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Fibrobacteres /Acidobacteria
Thermotogae Bacteria (singular, bacterium) are a major group of living organisms. They are microscopic and mostly unicellular, with a relatively simple cell structure lacking a cell nucleus, cytoskeleton, and organelles such as mitochondria and chloroplasts. Their cell structure is further described in the article about prokaryotes, because bacteria are prokaryotes, in contrast to organisms with more complex cells, called eukaryotes. The term "bacteria" has variously applied to all prokaryotes or to a major group of them, depending on ideas about their relationships.

Bacteria are the most abundant of all organisms. They are ubiquitous in soil, water, and as symbionts of other organisms. Many pathogens are bacteria. Most are minute, usually only 0.5-5.0 μm in size, though one type may reach 0.3 mm in diameter (Thiomargarita). They generally have cell walls, like plant and fungal cells, but with a very different composition (peptidoglycans). Many move around using flagella, which are different in structure from the flagella of other groups.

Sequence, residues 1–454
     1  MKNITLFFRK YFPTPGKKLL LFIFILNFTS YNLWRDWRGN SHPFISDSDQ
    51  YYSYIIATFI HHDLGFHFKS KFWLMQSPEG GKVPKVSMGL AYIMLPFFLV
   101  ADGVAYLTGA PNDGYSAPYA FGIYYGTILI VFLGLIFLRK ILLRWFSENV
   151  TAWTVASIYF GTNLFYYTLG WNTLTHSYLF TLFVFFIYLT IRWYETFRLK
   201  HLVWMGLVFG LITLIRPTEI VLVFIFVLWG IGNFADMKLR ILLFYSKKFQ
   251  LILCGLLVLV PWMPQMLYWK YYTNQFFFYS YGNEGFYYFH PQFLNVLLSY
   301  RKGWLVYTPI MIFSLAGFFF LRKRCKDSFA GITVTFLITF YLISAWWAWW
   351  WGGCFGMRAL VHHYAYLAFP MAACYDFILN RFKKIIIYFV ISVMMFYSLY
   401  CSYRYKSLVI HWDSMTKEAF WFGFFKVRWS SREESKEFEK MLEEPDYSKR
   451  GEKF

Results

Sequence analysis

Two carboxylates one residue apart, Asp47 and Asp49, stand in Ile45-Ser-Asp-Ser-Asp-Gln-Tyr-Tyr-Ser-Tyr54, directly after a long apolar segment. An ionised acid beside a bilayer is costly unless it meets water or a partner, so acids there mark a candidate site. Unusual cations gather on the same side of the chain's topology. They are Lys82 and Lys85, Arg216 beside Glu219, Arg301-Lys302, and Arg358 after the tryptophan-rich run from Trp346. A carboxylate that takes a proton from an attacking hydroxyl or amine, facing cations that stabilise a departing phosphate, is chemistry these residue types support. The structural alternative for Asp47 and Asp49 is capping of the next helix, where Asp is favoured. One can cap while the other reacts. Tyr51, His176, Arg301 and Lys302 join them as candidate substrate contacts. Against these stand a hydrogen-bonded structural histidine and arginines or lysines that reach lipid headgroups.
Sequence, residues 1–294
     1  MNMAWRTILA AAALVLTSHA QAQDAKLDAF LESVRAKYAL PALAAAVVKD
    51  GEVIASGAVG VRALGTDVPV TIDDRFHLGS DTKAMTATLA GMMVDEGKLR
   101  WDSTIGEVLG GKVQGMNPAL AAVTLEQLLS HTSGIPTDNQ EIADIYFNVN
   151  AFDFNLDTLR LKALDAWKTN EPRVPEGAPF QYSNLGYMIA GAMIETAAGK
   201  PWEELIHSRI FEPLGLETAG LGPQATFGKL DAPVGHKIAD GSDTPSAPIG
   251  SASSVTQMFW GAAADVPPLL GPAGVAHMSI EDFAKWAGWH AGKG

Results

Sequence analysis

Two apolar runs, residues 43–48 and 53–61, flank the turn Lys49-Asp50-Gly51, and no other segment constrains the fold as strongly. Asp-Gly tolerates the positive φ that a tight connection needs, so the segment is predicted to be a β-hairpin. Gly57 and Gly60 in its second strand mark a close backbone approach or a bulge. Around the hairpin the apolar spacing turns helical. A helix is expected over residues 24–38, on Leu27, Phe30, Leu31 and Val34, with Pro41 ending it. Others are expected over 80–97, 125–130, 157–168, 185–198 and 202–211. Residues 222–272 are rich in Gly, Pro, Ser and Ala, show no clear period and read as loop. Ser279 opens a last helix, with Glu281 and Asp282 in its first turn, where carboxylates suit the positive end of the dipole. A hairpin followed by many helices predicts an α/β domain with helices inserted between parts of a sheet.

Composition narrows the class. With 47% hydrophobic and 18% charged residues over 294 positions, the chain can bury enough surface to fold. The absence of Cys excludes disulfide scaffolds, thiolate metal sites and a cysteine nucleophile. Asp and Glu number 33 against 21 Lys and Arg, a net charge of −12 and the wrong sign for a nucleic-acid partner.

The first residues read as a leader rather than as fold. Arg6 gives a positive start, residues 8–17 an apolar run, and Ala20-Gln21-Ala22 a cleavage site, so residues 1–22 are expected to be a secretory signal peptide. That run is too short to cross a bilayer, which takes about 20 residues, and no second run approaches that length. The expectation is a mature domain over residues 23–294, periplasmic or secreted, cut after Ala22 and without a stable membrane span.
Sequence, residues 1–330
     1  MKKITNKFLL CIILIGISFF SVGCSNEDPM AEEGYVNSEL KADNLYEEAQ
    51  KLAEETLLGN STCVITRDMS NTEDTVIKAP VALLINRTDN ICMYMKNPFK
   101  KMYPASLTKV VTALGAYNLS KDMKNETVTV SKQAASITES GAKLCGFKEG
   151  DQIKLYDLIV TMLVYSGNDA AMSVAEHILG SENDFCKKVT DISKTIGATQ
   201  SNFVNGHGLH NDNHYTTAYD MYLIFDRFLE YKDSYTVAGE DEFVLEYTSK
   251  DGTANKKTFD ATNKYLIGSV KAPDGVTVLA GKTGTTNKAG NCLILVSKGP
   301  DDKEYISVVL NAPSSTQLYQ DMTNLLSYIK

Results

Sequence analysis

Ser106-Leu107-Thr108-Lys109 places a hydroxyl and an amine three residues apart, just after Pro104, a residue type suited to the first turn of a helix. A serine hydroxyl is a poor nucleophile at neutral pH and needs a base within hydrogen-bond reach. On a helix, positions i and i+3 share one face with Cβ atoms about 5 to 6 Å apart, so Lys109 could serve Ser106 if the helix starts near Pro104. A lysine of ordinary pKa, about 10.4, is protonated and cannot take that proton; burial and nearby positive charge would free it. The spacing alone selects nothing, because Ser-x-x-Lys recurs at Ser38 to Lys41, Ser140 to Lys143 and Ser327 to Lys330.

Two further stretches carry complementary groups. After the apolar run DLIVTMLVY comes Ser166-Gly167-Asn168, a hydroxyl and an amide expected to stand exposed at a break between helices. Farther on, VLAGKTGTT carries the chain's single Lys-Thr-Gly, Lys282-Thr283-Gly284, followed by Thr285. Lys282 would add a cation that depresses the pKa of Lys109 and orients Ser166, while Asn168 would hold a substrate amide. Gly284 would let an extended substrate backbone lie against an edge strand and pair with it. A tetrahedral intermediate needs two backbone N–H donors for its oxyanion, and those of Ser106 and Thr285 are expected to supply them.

History and taxonomy

The first bacteria were observed by Antony van Leeuwenhoek in 1683 using a single-lens microscope of his own design. The name bacterium was introduced much later, by Ehrenberg in 1828, derived from the Greek word βακτηριον meaning "small stick". Louis Pasteur (1822-1895) and Robert Koch (1843-1910) described the role of bacteria as conveyors and causes of disease or pathogens.

Originally the bacteria were considered microscopic fungi (called Schizomycetes), except for the photosynthetic cyanobacteria, which were considered a group of algae (called Cyanophyta or blue-green algae). It was only with the study of detailed cell structure that it was realized they formed a fundamental group, separate from the other organisms. In 1956 Copeland gave them their own kingdom Mychota, later renamed Monera, Prokaryota, or Bacteria. During the 1960s the concept was refined and bacteria (now including cyanobacteria) were recognized as one of two major divisions of the living world, together with the eukaryotes. Eukaryotes were generally believed to have evolved from bacteria, later from assemblies of bacteria.